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Infant Body Composition and Adipokine Concentrations in Relation to Maternal Gestational Weight Gain.

Estampador, Angela LU ; Pomeroy, Jeremy; Renström, Frida LU ; Nelson, Scott M; Mogren, Ingrid; Persson, Margareta; Sattar, Naveed; Domellöf, Magnus and Franks, Paul LU (2014) In Diabetes Care 37(5). p.1432-1438
Abstract
OBJECTIVETo investigate associations of maternal gestational weight gain and body composition and their impact on offspring body composition and adipocytokine, glucose, and insulin concentrations at age 4 months.RESEARCH DESIGN AND METHODSThis was a prospective study including 31 mother-infant pairs (N = 62). Maternal body composition was assessed using doubly labeled water. Infant body composition was assessed at 4 months using air displacement plethysmography, and venous blood was assayed for glucose, insulin, adiponectin, interleukin-6 (IL-6), and leptin concentrations.RESULTSRate of gestational weight gain in midpregnancy was significantly associated with infant fat mass (r = 0.41, P = 0.03); rate of gestational weight in late... (More)
OBJECTIVETo investigate associations of maternal gestational weight gain and body composition and their impact on offspring body composition and adipocytokine, glucose, and insulin concentrations at age 4 months.RESEARCH DESIGN AND METHODSThis was a prospective study including 31 mother-infant pairs (N = 62). Maternal body composition was assessed using doubly labeled water. Infant body composition was assessed at 4 months using air displacement plethysmography, and venous blood was assayed for glucose, insulin, adiponectin, interleukin-6 (IL-6), and leptin concentrations.RESULTSRate of gestational weight gain in midpregnancy was significantly associated with infant fat mass (r = 0.41, P = 0.03); rate of gestational weight in late pregnancy was significantly associated with infant fat-free mass (r = 0.37, P = 0.04). Infant birth weight was also strongly correlated with infant fat-free mass at 4 months (r = 0.63, P = 0.0002). Maternal BMI and maternal fat mass were strongly inversely associated with infant IL-6 concentrations (r = -0.60, P = 0.002 and r = -0.52, P = 0.01, respectively). Infant fat-free mass was inversely related to infant adiponectin concentrations (r = -0.48, P = 0.008) and positively correlated with infant blood glucose adjusted for insulin concentrations (r = 0.42, P = 0.04). No significant associations for leptin were observed.CONCLUSIONSTiming of maternal weight gain differentially impacts body composition of the 4-month-old infant, which in turn appears to affect the infant's glucose and adipokine concentrations. (Less)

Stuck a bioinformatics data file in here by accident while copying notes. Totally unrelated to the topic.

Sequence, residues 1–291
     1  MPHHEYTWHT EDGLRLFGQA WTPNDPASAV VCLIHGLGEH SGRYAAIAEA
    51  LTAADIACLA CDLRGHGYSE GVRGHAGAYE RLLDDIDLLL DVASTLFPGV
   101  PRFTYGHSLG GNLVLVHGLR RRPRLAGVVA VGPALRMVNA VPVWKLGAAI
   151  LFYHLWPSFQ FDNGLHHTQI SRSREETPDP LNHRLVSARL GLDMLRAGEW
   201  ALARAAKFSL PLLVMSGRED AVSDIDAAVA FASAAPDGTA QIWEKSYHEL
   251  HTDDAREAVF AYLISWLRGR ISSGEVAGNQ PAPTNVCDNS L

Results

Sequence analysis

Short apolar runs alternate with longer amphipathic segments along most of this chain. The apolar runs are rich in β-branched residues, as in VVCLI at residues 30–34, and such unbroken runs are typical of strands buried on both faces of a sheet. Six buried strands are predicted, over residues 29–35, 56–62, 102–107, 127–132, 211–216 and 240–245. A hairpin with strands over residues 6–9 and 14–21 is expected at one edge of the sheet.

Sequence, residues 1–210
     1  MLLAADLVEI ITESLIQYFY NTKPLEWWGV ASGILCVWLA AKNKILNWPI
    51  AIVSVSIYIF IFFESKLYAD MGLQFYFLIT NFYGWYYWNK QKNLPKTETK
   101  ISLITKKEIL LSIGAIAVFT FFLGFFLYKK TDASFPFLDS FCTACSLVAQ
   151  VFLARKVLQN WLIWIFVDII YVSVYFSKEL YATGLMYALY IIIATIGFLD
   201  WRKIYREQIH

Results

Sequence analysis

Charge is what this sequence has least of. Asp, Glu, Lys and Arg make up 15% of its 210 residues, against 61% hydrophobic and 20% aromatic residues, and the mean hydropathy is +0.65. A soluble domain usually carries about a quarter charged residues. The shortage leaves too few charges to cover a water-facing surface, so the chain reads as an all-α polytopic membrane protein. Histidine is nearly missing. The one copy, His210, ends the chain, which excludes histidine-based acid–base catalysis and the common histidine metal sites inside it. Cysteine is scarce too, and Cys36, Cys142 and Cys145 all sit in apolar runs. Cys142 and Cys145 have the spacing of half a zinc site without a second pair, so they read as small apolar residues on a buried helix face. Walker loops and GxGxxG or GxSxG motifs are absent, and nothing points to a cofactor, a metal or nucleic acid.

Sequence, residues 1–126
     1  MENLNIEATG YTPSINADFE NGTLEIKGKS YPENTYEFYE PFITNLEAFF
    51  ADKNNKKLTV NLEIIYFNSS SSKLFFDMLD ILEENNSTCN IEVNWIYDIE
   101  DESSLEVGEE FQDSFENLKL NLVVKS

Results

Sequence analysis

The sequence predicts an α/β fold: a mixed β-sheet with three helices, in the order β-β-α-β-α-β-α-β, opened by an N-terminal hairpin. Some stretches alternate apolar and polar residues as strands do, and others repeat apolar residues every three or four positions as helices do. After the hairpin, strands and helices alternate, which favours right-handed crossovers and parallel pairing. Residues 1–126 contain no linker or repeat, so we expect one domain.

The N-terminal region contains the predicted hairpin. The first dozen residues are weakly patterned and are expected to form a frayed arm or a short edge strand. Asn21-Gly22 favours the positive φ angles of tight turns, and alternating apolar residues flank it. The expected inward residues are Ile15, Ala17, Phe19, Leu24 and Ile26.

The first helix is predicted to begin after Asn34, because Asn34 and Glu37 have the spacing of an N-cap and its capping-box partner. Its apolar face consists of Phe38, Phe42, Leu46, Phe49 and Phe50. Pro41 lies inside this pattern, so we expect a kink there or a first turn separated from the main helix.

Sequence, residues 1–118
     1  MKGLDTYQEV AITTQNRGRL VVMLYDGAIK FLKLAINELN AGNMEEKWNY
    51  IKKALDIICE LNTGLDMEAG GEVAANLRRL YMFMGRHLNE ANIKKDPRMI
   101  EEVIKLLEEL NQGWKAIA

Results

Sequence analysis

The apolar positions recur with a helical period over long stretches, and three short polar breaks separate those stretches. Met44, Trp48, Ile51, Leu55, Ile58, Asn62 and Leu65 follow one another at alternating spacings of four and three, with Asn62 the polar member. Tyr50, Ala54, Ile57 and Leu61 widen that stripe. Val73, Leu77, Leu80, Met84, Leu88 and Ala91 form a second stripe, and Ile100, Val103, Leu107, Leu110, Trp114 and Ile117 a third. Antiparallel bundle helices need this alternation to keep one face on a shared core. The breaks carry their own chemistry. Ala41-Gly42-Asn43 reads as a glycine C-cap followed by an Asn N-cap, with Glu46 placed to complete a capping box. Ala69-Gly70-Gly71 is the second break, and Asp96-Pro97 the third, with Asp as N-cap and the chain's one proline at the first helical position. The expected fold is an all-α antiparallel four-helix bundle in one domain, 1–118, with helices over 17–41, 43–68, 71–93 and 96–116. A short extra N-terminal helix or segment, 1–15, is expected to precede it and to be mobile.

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author
organization
publishing date
type
Contribution to journal
publication status
published
subject
in
Diabetes Care
volume
37
issue
5
pages
1432 - 1438
publisher
American Diabetes Association
external identifiers
  • pmid:24623025
  • wos:000334840100060
  • scopus:84899104203
ISSN
1935-5548
DOI
10.2337/dc13-2265
language
English
LU publication?
yes
id
8307551a-f899-436b-9063-b84e4aa0f173 (old id 4383334)
alternative location
http://www.ncbi.nlm.nih.gov/pubmed/24623025?dopt=Abstract
date added to LUP
2014-04-03 13:49:13
date last changed
2017-04-09 03:26:34
@article{8307551a-f899-436b-9063-b84e4aa0f173,
  abstract     = {OBJECTIVETo investigate associations of maternal gestational weight gain and body composition and their impact on offspring body composition and adipocytokine, glucose, and insulin concentrations at age 4 months.RESEARCH DESIGN AND METHODSThis was a prospective study including 31 mother-infant pairs (N = 62). Maternal body composition was assessed using doubly labeled water. Infant body composition was assessed at 4 months using air displacement plethysmography, and venous blood was assayed for glucose, insulin, adiponectin, interleukin-6 (IL-6), and leptin concentrations.RESULTSRate of gestational weight gain in midpregnancy was significantly associated with infant fat mass (r = 0.41, P = 0.03); rate of gestational weight in late pregnancy was significantly associated with infant fat-free mass (r = 0.37, P = 0.04). Infant birth weight was also strongly correlated with infant fat-free mass at 4 months (r = 0.63, P = 0.0002). Maternal BMI and maternal fat mass were strongly inversely associated with infant IL-6 concentrations (r = -0.60, P = 0.002 and r = -0.52, P = 0.01, respectively). Infant fat-free mass was inversely related to infant adiponectin concentrations (r = -0.48, P = 0.008) and positively correlated with infant blood glucose adjusted for insulin concentrations (r = 0.42, P = 0.04). No significant associations for leptin were observed.CONCLUSIONSTiming of maternal weight gain differentially impacts body composition of the 4-month-old infant, which in turn appears to affect the infant's glucose and adipokine concentrations.},
  author       = {Estampador, Angela and Pomeroy, Jeremy and Renström, Frida and Nelson, Scott M and Mogren, Ingrid and Persson, Margareta and Sattar, Naveed and Domellöf, Magnus and Franks, Paul},
  issn         = {1935-5548},
  language     = {eng},
  number       = {5},
  pages        = {1432--1438},
  publisher    = {American Diabetes Association},
  series       = {Diabetes Care},
  title        = {Infant Body Composition and Adipokine Concentrations in Relation to Maternal Gestational Weight Gain.},
  url          = {http://dx.doi.org/10.2337/dc13-2265},
  volume       = {37},
  year         = {2014},
}